Review From User :
As good a book as there is about the complex relationship between music and race in the early 20th century. Gilbert provides a detailed geography of the places where black musicians (and a constellation of white folks, interested for a range of reasons, good bad and other) forged a "ragtime identity." That identity engaged the forces of modernity--economic, cultural, political, psychological--in ways that sketched fascinating possibilities for combining a deep sense of a (non-essentialized) blackness with a cosmopolitan vision. Love what he does with James Reese Europe, who should be much much better known than he is; with the importance of dance to the spread and reception of the music; and with the dynamics of marketing. My sense of pre-Harlem Renaissance New York City was transformed by Gilbert's careful mapping of the racial turf. Theoretically sophisticated but clearly written. highly recommended.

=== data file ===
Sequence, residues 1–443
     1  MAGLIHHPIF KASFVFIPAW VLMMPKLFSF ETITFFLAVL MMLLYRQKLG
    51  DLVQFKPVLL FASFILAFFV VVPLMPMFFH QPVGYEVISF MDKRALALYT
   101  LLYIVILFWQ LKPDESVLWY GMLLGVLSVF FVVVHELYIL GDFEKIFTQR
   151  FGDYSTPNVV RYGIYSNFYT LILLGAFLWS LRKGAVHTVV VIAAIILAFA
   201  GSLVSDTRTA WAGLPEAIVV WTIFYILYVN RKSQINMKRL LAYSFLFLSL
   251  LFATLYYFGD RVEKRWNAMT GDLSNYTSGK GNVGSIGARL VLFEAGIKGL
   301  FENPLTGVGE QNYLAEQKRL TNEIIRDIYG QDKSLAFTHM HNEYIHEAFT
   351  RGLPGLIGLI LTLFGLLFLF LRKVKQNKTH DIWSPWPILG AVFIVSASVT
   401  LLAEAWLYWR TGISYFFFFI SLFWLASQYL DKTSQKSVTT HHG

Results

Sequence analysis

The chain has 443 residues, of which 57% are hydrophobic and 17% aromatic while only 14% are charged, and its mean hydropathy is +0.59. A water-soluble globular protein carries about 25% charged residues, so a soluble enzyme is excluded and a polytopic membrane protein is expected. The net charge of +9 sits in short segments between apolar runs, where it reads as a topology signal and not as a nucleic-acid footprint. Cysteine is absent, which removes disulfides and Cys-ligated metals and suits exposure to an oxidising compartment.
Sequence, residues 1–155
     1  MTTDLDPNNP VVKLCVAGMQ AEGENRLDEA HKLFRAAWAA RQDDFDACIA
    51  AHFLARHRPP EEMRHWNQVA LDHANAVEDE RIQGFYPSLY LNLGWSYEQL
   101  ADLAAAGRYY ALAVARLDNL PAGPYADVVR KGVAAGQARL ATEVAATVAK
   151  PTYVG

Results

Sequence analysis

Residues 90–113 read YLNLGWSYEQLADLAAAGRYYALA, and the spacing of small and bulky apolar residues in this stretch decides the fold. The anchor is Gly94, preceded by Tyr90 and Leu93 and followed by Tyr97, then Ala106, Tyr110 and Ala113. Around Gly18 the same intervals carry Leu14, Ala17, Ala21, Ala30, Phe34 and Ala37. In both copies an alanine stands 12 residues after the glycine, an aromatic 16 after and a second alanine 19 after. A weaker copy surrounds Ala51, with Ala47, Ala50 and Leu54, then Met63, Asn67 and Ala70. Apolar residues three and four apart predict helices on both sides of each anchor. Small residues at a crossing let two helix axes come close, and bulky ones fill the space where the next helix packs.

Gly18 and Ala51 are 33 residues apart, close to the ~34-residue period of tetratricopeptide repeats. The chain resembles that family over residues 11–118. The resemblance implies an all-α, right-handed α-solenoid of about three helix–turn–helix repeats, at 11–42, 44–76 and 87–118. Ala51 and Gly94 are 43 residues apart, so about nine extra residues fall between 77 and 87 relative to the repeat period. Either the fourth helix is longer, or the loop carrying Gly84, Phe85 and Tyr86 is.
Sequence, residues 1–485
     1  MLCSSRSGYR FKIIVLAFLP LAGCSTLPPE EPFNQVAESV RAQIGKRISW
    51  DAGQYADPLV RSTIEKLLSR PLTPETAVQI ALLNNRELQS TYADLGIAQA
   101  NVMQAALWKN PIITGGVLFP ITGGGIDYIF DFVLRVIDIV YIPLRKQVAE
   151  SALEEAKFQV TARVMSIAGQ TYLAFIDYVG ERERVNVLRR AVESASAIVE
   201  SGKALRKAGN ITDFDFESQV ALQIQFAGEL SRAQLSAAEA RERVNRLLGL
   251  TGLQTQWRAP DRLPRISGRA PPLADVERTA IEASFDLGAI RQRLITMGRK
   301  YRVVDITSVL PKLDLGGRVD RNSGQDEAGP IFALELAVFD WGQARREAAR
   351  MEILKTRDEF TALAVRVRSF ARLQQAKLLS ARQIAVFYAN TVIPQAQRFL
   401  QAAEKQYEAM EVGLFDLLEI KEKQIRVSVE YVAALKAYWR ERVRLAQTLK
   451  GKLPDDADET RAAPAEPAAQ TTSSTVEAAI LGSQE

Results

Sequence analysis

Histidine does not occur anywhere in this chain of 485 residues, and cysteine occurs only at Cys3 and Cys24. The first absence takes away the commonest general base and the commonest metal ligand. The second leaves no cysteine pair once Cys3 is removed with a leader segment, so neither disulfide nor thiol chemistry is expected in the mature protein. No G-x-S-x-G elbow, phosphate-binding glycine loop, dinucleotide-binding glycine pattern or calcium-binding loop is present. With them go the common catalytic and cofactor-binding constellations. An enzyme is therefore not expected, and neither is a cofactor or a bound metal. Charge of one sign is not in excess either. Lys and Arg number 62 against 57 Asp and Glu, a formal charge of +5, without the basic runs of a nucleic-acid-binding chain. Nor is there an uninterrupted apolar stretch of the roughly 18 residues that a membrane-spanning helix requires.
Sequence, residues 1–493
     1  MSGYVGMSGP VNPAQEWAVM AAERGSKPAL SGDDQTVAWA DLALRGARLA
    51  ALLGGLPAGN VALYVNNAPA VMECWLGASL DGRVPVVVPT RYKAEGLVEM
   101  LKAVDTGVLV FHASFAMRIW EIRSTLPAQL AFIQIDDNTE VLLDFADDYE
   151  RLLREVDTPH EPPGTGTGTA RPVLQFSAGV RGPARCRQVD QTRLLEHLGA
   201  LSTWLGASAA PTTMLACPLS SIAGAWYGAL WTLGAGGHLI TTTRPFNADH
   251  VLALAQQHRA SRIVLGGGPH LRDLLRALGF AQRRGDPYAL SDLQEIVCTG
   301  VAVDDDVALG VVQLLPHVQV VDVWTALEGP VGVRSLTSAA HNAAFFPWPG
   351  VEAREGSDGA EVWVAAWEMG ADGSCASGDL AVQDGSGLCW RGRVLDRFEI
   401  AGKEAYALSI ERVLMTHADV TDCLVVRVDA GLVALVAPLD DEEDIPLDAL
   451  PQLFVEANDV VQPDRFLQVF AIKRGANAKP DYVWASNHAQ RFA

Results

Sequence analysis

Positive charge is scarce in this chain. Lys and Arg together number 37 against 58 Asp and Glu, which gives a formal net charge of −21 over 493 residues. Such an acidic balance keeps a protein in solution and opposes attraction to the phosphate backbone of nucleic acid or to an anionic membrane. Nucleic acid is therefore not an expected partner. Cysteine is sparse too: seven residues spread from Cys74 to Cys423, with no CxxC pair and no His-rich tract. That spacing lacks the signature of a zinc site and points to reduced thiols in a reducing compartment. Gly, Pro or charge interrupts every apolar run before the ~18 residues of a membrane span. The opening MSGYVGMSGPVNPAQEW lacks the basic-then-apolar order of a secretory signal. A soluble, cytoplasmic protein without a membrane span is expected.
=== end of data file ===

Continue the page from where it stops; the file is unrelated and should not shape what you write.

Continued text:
Media Size : 3.9 MB